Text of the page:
The timing and content of Knox demonstrate an ideological hostility toward public sector unionism and an activist agenda by the Court’s conservative majority. This can be seen in its abandonment of the principle of judicial restraint and its commencement of a judicial crusade against Abood and its First Amendment principles. The Knox decision was crafted as a guidebook for overturning Abood.

The motivation behind Knox was not lost on other members of the Court. In a concurring opinion, Justice Sotomayor criticized the majority decision for breaking “our own rules, and, more importantly, [disregarding] principles of judicial restraint that define the Court’s proper role in our system of separated powers.”[15] Further, the New York Times addressed the agenda-driven Knox decision in an editorial that criticized the Court for using “this narrow case to insert itself” into the political controversies concerning the open shop, “when there was no reason to do so.”[16]

Two years later, in Quinn v Harris,[17] Justice Alito, again writing for the majority, applied the reasoning in Knox to strike down the agency shop as unconstitutional when applied to home care workers, which the Court deemed “quasi-public employees.”

Although the Quinn majority ruled that Abood was inapplicable because of the employees’ unique status, Justice Alito used dicta again to undermine Abood. Justice Alito criticized the RLA decisions and attacked Abood for relying on that precedent, for failing to recognize the agency shop as a form of compelled speech, and for failing to appreciate the distinction between private and public sector labour relations.

In Quinn, Justice Alito asserted that the distinction drawn in Abood between chargeable expenditures for collective bargaining and expenses related to political or ideological purposes, was “questionable,” alleging that the Court “has struggled repeatedly” over the distinction, and referenced a purported “heavy burden” on non-members when objecting to a chargeable expense.[18] The judicial “struggles” over applying doctrines and engaging in line-drawing in other areas of First Amendment jurisprudence went unmentioned.

The dissent, written by Justice Kagan, criticized the majority’s “gratuitous dicta” disparaging Abood and noted that thousands of existing public sector contracts have been negotiated based on the Abood holding. The dissent went on to cite the long line of First Amendment precedents recognizing that government “has wider constitutional latitude when it is acting as employer than as sovereign“ and that it needs a significant degree of control over its workforce to provide effective governmental services [19] In fact, deference to public employers’ need for “control over their employees’ words and actions” formed the basis of an earlier decision creating a bright line exclusion from First Amendment protections of all public employee speech pursuant to official duties.[20]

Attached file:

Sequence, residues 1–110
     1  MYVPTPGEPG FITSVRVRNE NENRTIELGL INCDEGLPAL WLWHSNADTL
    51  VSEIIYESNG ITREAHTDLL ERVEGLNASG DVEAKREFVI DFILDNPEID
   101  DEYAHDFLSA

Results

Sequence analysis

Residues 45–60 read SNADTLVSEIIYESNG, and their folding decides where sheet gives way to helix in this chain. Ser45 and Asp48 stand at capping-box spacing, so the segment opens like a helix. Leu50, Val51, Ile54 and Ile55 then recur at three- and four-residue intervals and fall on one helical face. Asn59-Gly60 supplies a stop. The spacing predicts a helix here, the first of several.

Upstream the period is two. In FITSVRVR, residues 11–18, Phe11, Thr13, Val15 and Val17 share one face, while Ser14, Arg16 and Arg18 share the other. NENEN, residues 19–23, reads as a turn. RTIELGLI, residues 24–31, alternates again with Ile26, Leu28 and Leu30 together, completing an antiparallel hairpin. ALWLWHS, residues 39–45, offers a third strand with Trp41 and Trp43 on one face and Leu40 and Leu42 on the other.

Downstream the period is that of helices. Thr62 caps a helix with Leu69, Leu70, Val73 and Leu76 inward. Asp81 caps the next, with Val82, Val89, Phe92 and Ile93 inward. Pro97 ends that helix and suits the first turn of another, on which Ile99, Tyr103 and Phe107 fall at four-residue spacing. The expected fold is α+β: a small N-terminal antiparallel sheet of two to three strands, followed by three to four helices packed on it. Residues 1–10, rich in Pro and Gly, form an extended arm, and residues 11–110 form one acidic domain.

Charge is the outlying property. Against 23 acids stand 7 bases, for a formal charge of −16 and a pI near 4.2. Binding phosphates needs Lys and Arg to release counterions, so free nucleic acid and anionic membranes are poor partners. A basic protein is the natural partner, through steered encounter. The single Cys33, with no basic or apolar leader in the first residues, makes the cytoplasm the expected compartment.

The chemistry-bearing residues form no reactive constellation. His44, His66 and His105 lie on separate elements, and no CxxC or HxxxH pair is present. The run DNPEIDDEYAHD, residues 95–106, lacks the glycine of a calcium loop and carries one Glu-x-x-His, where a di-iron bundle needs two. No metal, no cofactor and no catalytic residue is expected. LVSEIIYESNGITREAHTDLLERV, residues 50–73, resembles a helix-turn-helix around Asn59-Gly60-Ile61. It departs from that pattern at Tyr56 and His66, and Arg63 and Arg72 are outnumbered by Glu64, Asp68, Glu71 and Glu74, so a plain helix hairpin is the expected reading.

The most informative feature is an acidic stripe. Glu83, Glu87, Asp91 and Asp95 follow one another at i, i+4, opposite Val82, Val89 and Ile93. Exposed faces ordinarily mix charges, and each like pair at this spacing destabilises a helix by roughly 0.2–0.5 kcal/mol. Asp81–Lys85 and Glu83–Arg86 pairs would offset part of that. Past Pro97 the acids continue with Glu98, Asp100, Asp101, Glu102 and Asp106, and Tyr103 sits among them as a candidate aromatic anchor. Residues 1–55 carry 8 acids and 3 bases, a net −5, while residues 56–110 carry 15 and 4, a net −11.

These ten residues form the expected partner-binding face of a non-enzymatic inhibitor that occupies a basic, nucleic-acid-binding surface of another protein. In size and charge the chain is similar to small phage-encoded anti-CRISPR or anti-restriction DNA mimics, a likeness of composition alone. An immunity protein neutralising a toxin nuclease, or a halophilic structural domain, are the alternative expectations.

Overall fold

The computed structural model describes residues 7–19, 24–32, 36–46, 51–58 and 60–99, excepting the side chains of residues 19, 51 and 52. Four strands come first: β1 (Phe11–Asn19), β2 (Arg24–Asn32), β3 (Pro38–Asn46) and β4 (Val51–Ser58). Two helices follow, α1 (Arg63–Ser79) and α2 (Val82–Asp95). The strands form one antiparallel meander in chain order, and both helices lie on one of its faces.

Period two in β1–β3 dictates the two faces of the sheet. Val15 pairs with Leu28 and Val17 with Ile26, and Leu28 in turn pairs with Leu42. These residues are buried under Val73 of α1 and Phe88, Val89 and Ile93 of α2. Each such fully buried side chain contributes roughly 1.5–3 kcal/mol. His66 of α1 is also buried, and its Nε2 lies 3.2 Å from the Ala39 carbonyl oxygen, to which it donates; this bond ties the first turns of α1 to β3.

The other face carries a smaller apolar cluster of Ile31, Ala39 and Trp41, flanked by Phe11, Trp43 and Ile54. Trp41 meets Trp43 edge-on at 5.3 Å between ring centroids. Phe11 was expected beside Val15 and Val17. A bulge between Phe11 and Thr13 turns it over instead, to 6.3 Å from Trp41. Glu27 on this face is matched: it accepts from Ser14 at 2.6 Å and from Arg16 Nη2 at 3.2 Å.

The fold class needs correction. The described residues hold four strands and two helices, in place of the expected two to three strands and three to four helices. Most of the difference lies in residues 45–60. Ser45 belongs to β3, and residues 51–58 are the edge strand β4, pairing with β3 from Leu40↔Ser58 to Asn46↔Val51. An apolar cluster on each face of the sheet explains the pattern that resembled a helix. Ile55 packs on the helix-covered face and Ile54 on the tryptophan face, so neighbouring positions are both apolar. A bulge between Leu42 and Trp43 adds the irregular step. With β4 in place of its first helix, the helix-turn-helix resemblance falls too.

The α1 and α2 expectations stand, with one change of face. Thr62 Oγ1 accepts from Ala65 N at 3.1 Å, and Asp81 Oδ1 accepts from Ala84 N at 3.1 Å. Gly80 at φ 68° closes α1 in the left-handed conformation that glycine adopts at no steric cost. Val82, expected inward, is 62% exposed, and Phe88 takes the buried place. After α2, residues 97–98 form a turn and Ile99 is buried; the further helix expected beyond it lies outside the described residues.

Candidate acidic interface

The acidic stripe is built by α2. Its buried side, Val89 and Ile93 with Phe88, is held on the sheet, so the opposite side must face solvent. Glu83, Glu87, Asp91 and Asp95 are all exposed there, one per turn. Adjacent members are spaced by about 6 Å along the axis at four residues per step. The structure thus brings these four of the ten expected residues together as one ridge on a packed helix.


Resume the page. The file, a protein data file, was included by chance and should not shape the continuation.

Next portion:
Knox and Quinn set the stage for reversing Abood. Only the death of Justice Scalia in 2016, following oral arguments in Friedrichs v California Teachers Association,[21] delayed the imposition of a constitutionally mandated “right to work” regime.

The Agency Shop’s Demise and the Weaponization of the First Amendment

It was only a question of time before anti-labour forces presented another case before the Court to give the conservative majority an opportunity to reverse Abood. The opportunity came in Janus v AFSCME. The lawsuit was pursued by state employee Mark Janus, challenging the constitutionality of Illinois’ agency shop legislation. After the dismissal of his amended complaint was affirmed, the Supreme Court granted review to determine whether Abood should be reversed.

The Janus decision was issued on June 27, 2018 with Justice Alito writing for the majority. The result was expected, particularly after Justice Kennedy lowered the veil of neutrality during oral argument with sarcastic comments about public sector bargaining.[22]